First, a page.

Illegal distribution: SEC v. Lefkowitz, Civil Action No. 8-12-CV-1210 (S.D.N.Y.) is a previously filed action centered on the illegal distribution of 260,115,983 shares of Advanced Cell Technology, Inc. The defendants include the biotech company, William Cadwell, its CEO and Mark Lefkowitz, a penny stock financier. The defendants implemented a scheme crafted by Mr. Lefkowitz to use Section 3(a)(10), which permits the issuance of shares under certain instances in exchange offers approved by a court. It cannot be used for capital formation. Under the plan, entities affiliated with Mr. Lefkowitz acquired debt from Advanced Cell obligation holders, filed lawsuits based on the claims and then settled for payment in shares. A Florida state judge approved the settlements. The Commission alleged that the court was not fully informed of the facts. The company settled, consenting to the entry of a permanent injunction prohibiting future violations of Securities Act Sections 5(a) and 5(c) and Exchange Act Section 13(a). The company also agreed to pay disgorgement of $3.5 million and prejudgment interest. A penalty was not imposed based on financial condition. See Lit. Rel. No. 22896 (Dec. 23, 2013).

    Altered investment strategy: SEC v. Rooney, Civil Action No. 11-8264 (N.D. Ill.) is a previously filed action against Patrick Rooney and his company, Solaris Management, LLC. The complaint centered on a radical change in investment strategy implemented by the defendants for Solaris Opportunity Fund LP without making the proper disclosures to investors. Specifically, the defendants caused the fund to become wholly invested in Positron Corp., a financially troubled company of which Mr. Rooney had been Chairman since 2004. The complaint alleges a misuse of the fund’s assets. The defendants settled with the Commission, consenting to the entry of permanent injunctions prohibiting future violations of Advisers Act Sections 206(1), 206(2) and 204(4) as well as Securities Act Section 17(a) and Exchange Act Section 10(b). Under the terms of the settlement the Court will determine if disgorgement, a penalty and an officer director bar should be imposed. See Lit. Rel. No. 22895 (Dec. 23, 2013).

    Pyramid scheme: SEC v. Wright-Olivares, (W.D.N.C. Filed December 20, 2013) is an action against Dawn Wright-Olivares and Daniel Olivares based on their roles in a pyramid scheme operated through Rex Ventures Group, LLC d/b/a www.ZeekRewards.com. Beginning in January 2001, and continuing until the program was shut down in August 2012, over $850 million was raise from about 1 million investors in the U.S. and other countries. Ms. Wright-Olivares was one of the main spokespersons for ZeekRewards and the COO. Mr. Olivares was the chief architect of the computer data bases for the company and tracked the investments. Those systems helped create the illusion of a successful business which was, in reality, a massive pyramid and Ponzi scheme. Investors were solicited to participate in one of two plans. Rather than invest the funds as represented, about 98% of the money was paid to new investors. The complaint alleges violations of Securities Act Sections 5(a), 5(c) and 17(a) and Exchange Act Section 10(b). To resolve the claims Ms. Wright-Olivares agreed to pay disgorgement plus prejudgment interest of $8,184,064.94 while Mr. Olivares will pay a total of $3,272,934.58. Those payments will be made in connection with the parallel criminal proceeding in which additional financial penalties may be imposed in a restitution order. The parallel criminal charges were announced by the U.S. Attorney’s Office of the Western District of North Carolina. See Lit. Rel. No. 22898 (Dec. 23, 2013).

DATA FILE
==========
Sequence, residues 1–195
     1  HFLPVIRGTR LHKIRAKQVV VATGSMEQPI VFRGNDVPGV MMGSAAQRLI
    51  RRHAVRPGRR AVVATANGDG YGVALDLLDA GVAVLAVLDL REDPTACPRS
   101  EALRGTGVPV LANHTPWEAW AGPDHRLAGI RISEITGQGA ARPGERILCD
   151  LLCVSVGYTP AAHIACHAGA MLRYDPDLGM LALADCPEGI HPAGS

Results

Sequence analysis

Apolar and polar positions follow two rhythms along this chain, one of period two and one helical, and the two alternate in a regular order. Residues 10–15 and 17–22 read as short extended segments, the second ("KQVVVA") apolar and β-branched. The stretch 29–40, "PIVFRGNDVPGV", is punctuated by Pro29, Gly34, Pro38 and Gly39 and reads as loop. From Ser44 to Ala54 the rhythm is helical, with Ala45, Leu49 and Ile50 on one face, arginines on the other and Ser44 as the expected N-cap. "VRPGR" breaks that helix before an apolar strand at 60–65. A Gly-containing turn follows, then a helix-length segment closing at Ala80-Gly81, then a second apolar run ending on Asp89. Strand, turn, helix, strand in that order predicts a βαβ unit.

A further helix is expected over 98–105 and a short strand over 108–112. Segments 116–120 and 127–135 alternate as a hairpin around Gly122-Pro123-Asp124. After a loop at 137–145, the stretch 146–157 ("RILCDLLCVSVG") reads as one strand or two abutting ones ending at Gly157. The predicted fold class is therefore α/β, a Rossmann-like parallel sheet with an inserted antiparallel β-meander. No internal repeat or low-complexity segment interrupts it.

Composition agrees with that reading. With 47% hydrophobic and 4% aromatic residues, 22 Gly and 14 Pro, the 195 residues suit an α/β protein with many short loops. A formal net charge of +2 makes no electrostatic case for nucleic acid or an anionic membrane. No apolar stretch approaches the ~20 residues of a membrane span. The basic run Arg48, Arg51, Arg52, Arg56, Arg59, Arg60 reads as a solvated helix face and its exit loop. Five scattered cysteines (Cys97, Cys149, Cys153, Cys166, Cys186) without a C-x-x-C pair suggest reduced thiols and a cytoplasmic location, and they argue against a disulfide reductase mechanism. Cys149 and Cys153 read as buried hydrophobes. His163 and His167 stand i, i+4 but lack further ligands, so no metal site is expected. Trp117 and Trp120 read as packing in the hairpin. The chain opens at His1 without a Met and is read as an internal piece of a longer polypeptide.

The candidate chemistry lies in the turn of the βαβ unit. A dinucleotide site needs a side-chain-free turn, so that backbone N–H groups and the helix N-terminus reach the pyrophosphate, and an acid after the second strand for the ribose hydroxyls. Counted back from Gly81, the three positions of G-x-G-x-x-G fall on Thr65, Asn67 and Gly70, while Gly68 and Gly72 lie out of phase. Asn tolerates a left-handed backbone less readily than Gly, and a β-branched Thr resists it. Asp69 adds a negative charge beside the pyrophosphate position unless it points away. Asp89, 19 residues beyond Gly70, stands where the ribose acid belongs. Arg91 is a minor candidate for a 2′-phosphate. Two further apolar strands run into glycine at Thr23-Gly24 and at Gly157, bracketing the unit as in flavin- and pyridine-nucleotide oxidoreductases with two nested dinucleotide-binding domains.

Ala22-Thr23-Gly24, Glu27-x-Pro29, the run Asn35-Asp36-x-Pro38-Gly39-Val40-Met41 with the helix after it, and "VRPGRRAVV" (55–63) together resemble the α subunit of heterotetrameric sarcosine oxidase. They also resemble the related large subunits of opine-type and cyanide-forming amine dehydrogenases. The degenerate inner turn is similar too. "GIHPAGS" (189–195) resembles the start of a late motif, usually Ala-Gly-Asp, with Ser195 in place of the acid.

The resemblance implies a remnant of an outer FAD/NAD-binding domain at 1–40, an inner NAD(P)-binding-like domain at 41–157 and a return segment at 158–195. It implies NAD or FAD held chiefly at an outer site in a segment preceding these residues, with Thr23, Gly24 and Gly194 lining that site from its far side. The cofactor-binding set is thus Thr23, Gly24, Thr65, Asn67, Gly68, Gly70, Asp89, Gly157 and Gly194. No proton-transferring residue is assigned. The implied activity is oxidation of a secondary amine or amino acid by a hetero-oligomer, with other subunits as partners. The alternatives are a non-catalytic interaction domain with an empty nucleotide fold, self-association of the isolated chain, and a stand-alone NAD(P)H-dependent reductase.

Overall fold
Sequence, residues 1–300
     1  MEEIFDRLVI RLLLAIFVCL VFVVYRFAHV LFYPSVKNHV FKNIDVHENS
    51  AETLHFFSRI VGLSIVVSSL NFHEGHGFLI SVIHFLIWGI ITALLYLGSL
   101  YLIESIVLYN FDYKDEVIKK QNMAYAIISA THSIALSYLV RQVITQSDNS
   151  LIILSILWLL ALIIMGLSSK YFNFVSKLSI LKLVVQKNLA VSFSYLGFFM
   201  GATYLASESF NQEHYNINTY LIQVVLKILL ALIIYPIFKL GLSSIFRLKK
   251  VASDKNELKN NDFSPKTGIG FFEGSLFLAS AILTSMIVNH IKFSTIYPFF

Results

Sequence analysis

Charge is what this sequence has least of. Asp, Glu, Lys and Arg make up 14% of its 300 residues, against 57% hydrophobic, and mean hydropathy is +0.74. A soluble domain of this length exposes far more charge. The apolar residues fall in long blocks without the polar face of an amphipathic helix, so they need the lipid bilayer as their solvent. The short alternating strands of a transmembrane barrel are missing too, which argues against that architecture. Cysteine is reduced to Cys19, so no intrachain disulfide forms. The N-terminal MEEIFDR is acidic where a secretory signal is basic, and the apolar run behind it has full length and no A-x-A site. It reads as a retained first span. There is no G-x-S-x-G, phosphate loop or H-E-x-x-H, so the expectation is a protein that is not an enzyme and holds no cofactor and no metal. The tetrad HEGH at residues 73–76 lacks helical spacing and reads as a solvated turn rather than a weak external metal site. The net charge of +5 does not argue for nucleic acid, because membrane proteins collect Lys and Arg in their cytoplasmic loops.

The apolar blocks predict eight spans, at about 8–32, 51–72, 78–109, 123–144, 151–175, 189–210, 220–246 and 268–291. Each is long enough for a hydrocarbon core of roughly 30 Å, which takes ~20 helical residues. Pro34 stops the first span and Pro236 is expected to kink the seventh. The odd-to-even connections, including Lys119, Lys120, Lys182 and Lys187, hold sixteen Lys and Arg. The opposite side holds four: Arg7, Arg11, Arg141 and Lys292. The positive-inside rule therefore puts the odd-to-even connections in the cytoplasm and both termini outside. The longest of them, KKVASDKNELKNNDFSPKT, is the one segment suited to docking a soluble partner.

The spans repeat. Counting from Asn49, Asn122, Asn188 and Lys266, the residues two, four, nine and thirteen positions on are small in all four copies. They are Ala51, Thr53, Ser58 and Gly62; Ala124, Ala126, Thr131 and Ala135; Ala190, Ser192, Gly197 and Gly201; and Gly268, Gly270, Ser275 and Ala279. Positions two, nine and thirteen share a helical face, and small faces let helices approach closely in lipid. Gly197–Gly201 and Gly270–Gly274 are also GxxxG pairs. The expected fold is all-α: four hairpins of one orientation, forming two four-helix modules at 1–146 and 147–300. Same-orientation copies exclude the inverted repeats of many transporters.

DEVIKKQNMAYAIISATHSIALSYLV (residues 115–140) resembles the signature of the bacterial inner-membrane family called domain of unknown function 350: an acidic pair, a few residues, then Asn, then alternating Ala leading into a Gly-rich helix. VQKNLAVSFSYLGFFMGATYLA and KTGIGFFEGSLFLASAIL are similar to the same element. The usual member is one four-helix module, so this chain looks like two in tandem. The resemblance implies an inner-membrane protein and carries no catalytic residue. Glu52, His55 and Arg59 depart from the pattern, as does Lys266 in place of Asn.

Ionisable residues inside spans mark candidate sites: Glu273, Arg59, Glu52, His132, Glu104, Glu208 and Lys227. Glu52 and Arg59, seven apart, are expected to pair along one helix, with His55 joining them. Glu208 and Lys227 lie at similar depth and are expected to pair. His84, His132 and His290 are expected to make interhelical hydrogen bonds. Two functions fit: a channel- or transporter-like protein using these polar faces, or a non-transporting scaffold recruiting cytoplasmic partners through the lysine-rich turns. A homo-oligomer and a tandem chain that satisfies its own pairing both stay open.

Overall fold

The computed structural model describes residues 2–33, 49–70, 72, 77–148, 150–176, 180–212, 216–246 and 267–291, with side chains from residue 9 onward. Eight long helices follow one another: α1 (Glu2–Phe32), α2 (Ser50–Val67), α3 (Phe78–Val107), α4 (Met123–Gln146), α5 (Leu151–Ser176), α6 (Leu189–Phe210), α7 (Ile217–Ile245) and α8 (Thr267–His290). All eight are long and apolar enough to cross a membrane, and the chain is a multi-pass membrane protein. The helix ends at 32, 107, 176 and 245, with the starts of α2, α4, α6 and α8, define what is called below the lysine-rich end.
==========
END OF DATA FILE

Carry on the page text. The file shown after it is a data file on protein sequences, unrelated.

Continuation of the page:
In the Matter of John Kinross-Kennedy, CPA, Admin. Proc. File No. 3-15536 (Filed Sept. 30, 2013; settled Dec. 20, 2013) is a previously filed action against the PCAOB registered auditor. Since 2009 Mr. Kinros-Kennedy has served as an independent accountant for 23 public companies. The proceeding focused largely on audits and reviews for six of those issuers. All of Respondent’s reports were issued in 2011 and 2012 while the time periods range from 2009 through 2010. The Order alleges improper professional conduct within the meaning of Rule 102(e)(1)(iv)(B)(2) of the Commission’s Rules of Practice. That claim is based on alleged willful violations of Exchange Act Sections 10A(j), regarding audit partner rotation, and 10A(k), regarding reports to the audit committee, as well as the pertinent rules. Essentially, the Order alleges audit failures which are discussed in detail here. Respondent resolved the proceeding by consenting to the entry of a cease and desist order based on the Sections cited in the Order. He is also precluded from appearing or practicing before the Commission with a right to reapply after five years.

    Investment fund fraud: SEC v. E-Monee.com, Inc., Civil Action No. 0:13-cv-60637 (S.D. Fla. Filed November 27, 2013 ) is an action against the company, its president, Estuardo Benavides and one of its directors, Robert Cook. The complaint alleges that the defendants sold shares in the company based on claims that it owned $5 billion in Mexican bonds. In actuality the bonds were largely worthless. The company and Mr. Benavides settled with the Commission and in an order entered by the Court, has been enjoined from future engaging in future violations of Securities Act Sections 17(a)(1) and (3). The order also directs Mr. Benavides to pay a civil penalty of $110,000 and bars him from participating in any penny stock offering. The Commission dismissed its civil penalty claim against the company which is no longer operating. See Lit. Rel. No. 22894 (Dec. 20, 2013).